There are a range of options to suit any budget for travelling on the Indian Pacific, but as with all things the old adage "you get what you pay for" definitely applies. Pensioner, child and students discounts are available but bringing moody teenagers or small children on a train for three days and three nights seems a recipe for disaster if your family is anything like mine, so all prices shown are standard adult fares (see more here).

Penny pinching

The Red Class is firmly planted in the "budget" travel category and a one-way trip will set you back as little as $716 for a Daynighter seat (agoraphobics, look no further) and $1402 for a sleeper. It's a cheap way to get from one side of the country to the other, while taking in a lot of the countryside, but comfort is the trade off. Meals aren't provided but snacks and drinks can be purchased on board. On the plus side, new lounge cars were introduced on the Indian Pacific in August, so you can be cramped in style.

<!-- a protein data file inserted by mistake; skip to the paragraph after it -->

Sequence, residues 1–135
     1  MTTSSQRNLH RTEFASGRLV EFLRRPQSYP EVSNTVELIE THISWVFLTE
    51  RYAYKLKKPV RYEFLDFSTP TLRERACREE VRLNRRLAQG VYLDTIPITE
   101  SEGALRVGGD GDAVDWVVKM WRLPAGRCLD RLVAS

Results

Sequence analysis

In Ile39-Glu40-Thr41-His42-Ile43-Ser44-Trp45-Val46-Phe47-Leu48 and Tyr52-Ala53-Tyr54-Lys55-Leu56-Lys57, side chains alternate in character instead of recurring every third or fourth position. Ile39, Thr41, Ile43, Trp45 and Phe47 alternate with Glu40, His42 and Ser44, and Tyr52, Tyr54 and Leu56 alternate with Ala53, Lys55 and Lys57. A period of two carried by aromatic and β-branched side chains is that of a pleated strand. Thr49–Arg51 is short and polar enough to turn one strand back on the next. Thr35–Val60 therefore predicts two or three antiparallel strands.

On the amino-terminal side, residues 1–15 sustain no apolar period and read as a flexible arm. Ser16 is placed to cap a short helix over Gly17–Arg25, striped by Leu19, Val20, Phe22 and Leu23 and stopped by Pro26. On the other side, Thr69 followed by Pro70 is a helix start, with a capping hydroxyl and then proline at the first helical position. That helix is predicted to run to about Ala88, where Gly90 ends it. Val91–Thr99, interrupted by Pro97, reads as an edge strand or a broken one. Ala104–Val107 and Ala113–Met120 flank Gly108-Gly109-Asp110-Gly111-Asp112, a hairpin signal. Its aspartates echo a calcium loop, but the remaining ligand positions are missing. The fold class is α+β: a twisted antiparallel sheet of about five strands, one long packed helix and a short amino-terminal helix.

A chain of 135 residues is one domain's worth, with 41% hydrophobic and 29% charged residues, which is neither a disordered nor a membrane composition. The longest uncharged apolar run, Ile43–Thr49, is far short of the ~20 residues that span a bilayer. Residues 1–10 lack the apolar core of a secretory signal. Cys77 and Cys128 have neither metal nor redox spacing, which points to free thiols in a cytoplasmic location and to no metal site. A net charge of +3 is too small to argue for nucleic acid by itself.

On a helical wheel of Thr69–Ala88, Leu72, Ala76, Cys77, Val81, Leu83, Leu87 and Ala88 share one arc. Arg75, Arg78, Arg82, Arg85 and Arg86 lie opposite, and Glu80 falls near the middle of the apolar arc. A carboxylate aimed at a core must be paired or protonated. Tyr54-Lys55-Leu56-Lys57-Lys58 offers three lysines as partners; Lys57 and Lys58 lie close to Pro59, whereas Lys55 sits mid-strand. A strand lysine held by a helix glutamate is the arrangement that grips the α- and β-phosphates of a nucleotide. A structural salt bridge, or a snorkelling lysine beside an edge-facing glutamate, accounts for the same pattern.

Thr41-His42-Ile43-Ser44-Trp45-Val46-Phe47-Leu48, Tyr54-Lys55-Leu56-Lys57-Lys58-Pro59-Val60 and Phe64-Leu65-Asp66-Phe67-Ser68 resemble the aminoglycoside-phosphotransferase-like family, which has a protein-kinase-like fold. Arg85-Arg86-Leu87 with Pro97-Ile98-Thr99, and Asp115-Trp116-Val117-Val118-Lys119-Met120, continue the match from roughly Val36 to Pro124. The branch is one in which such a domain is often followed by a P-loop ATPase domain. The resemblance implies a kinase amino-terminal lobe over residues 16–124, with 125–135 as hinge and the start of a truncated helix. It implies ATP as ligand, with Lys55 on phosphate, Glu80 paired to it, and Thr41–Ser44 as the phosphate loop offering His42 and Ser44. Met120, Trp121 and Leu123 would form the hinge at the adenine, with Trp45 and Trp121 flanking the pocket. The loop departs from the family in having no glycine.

To give you an idea of the size we're talking, Red Class seating is about the same as premium economy seating on a plane. Comfortable enough over short distances but after three days expect some cabin fever to set in and that lounge bar to look increasingly inviting.

Middle of the road

The next step up is Gold Class, and it's a big step in price and product. A single Gold Class ticket costs $2008 per person and Gold Twin and Gold Superior cabins for two people run at $3341 and $5726, respectively.